The Independent: The key to marital bliss? Use your gut instinct

Data for the study was gathered from 135 newlywed couples recruited within the first six months of marriage, completing measures of their attitudes

Journalist Steve Connor reports in The Independent about the research of SMU psychologist Andrea L. Meltzer, who was co-author on a four-year longitudinal study of 135 newlywed couples that found that a spouse’s implicit feelings about their partner predicted marital satisfaction later.

The article, “The key to marital bliss? Use your gut instinct,” was published Nov. 28.

Meltzer, co-author on the study, is an assistant professor in the SMU Department of Psychology.

Read the article.

EXCERPT:

By Steve Connor
The Independent

Oscar Wilde once said that marriage is the triumph of imagination over intelligence. Now scientists have shown that the best advice for people contemplating matrimony is to put their gut instinct ahead of wishful thinking.

A study of 135 newly-wed couples who were followed over a four-year period found that what people say about their partner is not always what they think deep down – but it is this gut reaction that matters for future marital happiness.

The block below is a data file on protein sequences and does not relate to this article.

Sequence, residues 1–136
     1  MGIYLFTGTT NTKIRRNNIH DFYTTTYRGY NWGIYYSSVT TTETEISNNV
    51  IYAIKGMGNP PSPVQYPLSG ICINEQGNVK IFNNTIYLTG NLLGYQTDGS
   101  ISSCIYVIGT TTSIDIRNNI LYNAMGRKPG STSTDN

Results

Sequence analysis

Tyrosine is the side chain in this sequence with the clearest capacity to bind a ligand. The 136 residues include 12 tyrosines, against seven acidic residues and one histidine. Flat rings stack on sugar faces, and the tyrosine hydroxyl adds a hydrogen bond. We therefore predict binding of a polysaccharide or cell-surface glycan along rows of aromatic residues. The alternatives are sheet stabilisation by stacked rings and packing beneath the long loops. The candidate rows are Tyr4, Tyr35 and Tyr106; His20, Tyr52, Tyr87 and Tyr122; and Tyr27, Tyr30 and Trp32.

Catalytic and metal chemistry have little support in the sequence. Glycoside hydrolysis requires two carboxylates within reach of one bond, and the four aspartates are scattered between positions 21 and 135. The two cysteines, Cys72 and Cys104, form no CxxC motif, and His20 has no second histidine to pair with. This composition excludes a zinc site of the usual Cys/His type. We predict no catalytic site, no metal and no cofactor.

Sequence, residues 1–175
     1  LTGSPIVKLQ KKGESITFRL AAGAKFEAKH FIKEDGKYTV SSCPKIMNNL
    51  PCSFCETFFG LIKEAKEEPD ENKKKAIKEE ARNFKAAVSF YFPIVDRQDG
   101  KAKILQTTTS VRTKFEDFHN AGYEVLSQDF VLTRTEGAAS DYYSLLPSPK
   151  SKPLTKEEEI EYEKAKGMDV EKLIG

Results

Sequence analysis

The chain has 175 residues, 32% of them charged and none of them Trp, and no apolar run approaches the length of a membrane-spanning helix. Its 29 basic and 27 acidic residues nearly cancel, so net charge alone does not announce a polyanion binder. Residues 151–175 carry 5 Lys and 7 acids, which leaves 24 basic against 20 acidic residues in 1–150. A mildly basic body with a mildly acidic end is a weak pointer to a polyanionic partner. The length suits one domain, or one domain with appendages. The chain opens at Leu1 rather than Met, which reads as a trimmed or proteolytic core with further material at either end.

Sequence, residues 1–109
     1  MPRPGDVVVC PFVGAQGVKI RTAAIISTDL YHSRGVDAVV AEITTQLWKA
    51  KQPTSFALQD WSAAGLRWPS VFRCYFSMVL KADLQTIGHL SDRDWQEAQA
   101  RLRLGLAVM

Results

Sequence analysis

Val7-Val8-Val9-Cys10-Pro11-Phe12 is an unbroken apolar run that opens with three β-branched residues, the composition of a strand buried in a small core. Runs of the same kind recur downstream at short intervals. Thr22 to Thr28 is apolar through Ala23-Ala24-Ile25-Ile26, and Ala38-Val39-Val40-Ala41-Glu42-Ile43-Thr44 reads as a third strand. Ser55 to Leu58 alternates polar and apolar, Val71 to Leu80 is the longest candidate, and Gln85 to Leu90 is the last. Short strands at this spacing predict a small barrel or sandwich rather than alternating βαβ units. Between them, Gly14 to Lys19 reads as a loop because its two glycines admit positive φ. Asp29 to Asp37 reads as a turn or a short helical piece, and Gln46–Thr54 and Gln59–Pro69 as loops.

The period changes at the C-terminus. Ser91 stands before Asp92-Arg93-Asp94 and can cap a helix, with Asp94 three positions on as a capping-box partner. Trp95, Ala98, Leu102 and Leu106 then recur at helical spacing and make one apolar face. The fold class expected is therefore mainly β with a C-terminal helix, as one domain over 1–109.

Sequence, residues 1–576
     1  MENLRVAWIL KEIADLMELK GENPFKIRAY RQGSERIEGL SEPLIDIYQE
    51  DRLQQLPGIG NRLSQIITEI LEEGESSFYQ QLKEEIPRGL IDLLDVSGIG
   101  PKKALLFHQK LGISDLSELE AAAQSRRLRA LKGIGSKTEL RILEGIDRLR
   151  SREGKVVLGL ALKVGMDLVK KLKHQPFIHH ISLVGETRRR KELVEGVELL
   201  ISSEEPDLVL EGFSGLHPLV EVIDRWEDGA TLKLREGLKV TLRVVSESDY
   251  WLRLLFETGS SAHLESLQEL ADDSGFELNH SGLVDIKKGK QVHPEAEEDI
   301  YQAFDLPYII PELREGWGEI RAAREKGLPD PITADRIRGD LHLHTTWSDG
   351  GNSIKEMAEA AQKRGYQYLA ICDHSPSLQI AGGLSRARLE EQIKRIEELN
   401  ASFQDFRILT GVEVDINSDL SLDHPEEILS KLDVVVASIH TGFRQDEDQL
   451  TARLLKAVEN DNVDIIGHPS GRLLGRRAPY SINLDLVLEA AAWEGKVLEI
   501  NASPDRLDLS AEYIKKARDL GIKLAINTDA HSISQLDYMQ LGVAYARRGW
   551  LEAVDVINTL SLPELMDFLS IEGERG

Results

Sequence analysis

The optimism shown by all the couples at the outset of their marriage generally declined over time but the level of growing dissatisfaction with their spouse was directly related to the inner-most feelings at the outset – which they actively suppressed, the scientists found.

Those who harboured the most negative gut reaction to their partners after six months of marriage were also the ones who felt the most dissatisfied and unhappy after four years of marriage, according to Professor James McNulty of Florida State University in Tallahassee, who led the study published in the journal Science.

“Everyone wants to be in a good marriage and in the beginning many people are able to convince themselves of that at a conscious level,” Professor McNulty said.

“But these automatic, gut-level responses are less influenced by what people want to think. You can’t make yourself have a positive response through a lot of wishful thinking,” he said.

Measuring gut feelings was not straightforward and the researchers used an established psychological technique for determining someone’s subconscious thoughts by measuring the time it took for them to react to photographs of a spouse.

The experiment involved flashing a photograph of someone’s partner on a computer screen for just one third of a second, followed by a positive word such as “awesome” or “terrific” or a negative word such as “awful” or “terrible.

Read the article.

SMU is a nationally ranked private university in Dallas founded 100 years ago. Today, SMU enrolls nearly 11,000 students who benefit from the academic opportunities and international reach of seven degree-granting schools. For more information see www.smu.edu.

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